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  1. #11
    Join Date
    Nov 2013
    Posts
    452
    Interesting, isn't it? My name was just outside of the top 100 when I was born, and growing up I'd be more likely to hear comments about how uncommon it was -- it was never on those souvenir license plates or anything, you know? Now, 20-some years later, if you bring up a name that's ranked around number 100, people will act like it's Linda in 1950. As you pointed out, the reality is quite different.

    I think part of it is just the availability of information. Back when my parents were having kids in the late 70s - mid 80s, they picked two top 50 names and two other top 150 names. They were going off of "do I know any kids with this name already? If so, how many?" My mom was a teacher, so that helped. These days, we're able to track exactly how many kids are given a name, what states it's most popular in, etc. Sometimes all of that information can cloud our perception of how popular a name is. Maybe, in a way, going by the old-school question of "am I hearing this name a lot?" was better.

    There are also clusters of names. In the mid-90s, there were two girls named Taryn in the grade below me, in their grade of 40 kids. Even picking a low-ranked name doesn't mean that a child will be the only one who has it. Then, you grow up, most likely work with people of all different ages, and the name popularity thing doesn't matter as much because different names are more popular across different age groups.
    Girls:
    Nickname-able: Susanna, Johanna, Paloma, Lucille, Harriet, Beatrix, Rosemary, Juniper, Marigold, Annabeth, Gwendolen, Kathleen, Tabitha
    Short and to-the-point: Flora, Jane, Laura, Anne, Cecile, Susan, Kaia

    Boys:
    So much easier: Hugh/Hugo, Wilfred, Basil, Augustin, Edmund, Arlo, Timothy, Frederick

  2. #13
    Join Date
    Nov 2013
    Location
    Galveston, TX
    Posts
    102
    Quote Originally Posted by hardertobreathe View Post
    @navyjane, thanks for the love. I know, teachers just don't care sometimes. Eleni is a great choice, it is very pretty, but it has its drawbacks with pronunciations.
    It it helps I went to school with a girl named Helena Troy...everyone calls her Helen of Troy not Helena they just go straight for Greek mythology and it's to a point where she doesn't even try to correct people. I'd rather be Eleni than walk around being called Helen of Troy for the rest of my life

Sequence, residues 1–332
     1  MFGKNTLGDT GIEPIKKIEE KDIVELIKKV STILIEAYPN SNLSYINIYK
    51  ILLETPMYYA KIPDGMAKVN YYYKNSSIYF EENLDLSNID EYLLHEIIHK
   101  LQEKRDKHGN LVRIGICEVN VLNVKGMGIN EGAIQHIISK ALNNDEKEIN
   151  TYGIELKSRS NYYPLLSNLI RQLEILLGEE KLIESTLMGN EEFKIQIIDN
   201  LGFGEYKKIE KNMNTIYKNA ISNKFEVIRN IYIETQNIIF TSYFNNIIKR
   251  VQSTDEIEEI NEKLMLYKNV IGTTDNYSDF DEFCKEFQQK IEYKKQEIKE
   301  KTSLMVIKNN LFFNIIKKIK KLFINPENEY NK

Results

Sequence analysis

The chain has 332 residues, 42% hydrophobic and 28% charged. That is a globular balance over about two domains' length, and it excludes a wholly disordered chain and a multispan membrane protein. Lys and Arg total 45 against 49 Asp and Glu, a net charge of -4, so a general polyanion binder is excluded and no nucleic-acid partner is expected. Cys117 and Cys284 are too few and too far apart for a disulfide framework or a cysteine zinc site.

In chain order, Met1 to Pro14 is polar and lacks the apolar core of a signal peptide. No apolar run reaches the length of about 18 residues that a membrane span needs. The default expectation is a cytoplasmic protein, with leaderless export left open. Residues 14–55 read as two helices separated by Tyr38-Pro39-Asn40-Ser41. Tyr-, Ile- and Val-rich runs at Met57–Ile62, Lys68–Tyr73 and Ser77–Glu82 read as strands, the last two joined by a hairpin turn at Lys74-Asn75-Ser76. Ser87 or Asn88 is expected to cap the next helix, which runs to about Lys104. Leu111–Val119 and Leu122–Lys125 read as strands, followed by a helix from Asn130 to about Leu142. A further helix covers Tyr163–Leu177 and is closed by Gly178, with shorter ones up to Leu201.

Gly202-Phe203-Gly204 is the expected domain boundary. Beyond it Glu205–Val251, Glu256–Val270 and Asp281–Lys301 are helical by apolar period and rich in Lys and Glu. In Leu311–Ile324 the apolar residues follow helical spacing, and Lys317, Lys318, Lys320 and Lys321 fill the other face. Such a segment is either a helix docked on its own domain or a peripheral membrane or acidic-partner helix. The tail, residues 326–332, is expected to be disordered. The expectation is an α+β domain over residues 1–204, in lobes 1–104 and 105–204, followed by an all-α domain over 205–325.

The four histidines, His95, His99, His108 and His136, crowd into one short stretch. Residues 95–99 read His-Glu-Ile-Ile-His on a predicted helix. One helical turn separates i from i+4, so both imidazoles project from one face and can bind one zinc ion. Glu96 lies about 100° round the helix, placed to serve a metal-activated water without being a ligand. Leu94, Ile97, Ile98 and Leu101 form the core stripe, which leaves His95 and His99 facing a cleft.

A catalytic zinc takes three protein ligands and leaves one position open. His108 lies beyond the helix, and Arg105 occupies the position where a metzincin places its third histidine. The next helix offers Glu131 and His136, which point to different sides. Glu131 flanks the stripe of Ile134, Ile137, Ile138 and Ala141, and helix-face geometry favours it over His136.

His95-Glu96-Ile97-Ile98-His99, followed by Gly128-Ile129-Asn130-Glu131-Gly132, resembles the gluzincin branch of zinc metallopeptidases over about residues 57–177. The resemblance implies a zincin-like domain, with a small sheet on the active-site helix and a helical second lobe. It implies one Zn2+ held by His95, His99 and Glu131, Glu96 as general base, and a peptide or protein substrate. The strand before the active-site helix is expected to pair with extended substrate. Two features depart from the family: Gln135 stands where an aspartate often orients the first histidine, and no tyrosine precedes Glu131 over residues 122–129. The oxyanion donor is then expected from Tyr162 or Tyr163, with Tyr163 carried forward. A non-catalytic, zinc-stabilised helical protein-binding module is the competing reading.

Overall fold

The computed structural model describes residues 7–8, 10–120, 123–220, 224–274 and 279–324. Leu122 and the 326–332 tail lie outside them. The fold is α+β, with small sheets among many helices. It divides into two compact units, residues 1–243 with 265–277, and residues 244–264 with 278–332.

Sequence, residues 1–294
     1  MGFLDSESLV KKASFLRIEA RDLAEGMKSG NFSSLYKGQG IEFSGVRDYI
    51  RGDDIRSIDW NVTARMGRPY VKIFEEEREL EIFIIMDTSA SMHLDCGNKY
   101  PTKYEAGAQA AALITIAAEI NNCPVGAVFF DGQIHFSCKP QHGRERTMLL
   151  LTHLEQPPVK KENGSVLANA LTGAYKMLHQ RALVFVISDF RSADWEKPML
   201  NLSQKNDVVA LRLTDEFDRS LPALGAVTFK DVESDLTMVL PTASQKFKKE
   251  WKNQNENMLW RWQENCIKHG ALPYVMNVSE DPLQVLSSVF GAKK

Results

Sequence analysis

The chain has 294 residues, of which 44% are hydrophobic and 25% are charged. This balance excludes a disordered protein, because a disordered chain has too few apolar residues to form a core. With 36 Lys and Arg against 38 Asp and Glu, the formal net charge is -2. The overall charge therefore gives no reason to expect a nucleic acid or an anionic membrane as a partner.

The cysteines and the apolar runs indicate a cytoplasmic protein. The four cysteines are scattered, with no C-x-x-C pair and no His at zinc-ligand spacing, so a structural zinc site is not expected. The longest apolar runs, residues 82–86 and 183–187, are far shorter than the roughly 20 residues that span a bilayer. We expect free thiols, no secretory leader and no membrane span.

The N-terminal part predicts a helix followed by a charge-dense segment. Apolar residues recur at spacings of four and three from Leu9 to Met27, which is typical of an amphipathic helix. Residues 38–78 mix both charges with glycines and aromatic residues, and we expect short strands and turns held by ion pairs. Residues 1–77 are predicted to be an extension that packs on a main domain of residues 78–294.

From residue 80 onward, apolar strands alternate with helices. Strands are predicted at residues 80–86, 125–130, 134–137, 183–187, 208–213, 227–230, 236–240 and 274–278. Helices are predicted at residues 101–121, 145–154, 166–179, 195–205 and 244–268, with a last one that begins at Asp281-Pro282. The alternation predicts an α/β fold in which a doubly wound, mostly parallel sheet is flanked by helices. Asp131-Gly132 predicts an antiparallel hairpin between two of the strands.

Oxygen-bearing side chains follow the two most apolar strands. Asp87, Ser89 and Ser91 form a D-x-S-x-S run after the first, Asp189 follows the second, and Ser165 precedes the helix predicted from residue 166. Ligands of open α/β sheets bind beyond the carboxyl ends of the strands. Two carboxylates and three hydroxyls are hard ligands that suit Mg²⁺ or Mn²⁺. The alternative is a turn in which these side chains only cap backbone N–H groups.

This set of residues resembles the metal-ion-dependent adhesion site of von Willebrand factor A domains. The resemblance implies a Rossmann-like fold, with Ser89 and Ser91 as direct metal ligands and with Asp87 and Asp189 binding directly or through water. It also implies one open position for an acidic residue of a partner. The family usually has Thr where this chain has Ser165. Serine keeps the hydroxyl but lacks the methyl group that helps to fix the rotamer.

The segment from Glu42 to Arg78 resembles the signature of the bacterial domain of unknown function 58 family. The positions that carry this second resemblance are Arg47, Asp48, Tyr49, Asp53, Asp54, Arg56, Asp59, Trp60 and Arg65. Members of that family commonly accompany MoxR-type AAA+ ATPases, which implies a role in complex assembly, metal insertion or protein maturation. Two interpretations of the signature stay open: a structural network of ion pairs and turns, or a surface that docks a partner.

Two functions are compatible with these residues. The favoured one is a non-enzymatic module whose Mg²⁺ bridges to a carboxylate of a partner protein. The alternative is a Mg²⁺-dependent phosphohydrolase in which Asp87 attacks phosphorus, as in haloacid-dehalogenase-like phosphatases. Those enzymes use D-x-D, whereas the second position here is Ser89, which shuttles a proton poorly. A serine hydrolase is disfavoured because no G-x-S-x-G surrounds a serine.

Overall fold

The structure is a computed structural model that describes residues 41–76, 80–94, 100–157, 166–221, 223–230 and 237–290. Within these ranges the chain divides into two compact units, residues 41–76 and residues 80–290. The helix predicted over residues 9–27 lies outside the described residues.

Madigan - Effie - Tamsin - Tully - Jaxie
    Thorin - Declan - Adler - Thayer - Hudson

  3. #15
    Join Date
    Nov 2013
    Posts
    1,440

    If you like

    a popular name for your child, then you should name him/her that.

    I've always known hip (or trying to be hip) people who would never like or choose a popular ANYTHING. I've always found them tiresome.

    My tendency actually is to like names AFTER they were popular! Not to be hopelessly dated, but just because that's often what I like.

    And there is something to the idea that sometimes some names become popular because they are good names! Mason is a great name in my opinion. I think of mason jars filled with Grandma's canned fruit in the root cellar and summertime and fireflies and a lake.

    It's almost better to create your list before even checking what is in the top whatever.

    Good luck!

  4. #17
    Join Date
    Dec 2013
    Location
    Pemberley
    Posts
    676
    Popularity doesn't really bother me. If I love a name, I'll put it on my list, regardless of whether it is in the top 10. Most names are popular because they are excellent names, especially the classics! James should be popular. Henry, Daniel, and Elijah should be popular! At least a lot of people are naming their kids decent things.

    Of course, some of these names do get tiresome. I don't think I could stand to name a boy Jacob- I've met too many of them. It's a boring name to me now.

    And remember that popular names aren't as popular as they once were.
    "Walter. That’s good. I’ve never known a little kid named Walter. It seems like an old man’s name, but I guess you have to start somewhere."

  5. #19
    Join Date
    Mar 2012
    Location
    Maryland
    Posts
    439
    I am always an advocate for names that aren't popular. I grew up all through school as Stephanie H. My best friend for years was Stephanie D. We couldn't escape it. Eventually she started spelling her name Stef. I always knew I would never give my daughter a popular name. It's all about preference. I also teach, so a lot of popular names are put off for me because of that. Now that we are naming a second, we will be looking for another name out of the top 1000. I like plenty of names that aren't, but I won't realistically choose them. For a boy, it's not as important but I am still leaning toward something more obscure.
    Proud Mommy to Maeby Alana (8/6/10) and Saela Eliza (6/24/14)

    Aerie - Simone - Romy - Xanthe - Wylie
    Miles - Zefram - Eli - Ephram - Gannon

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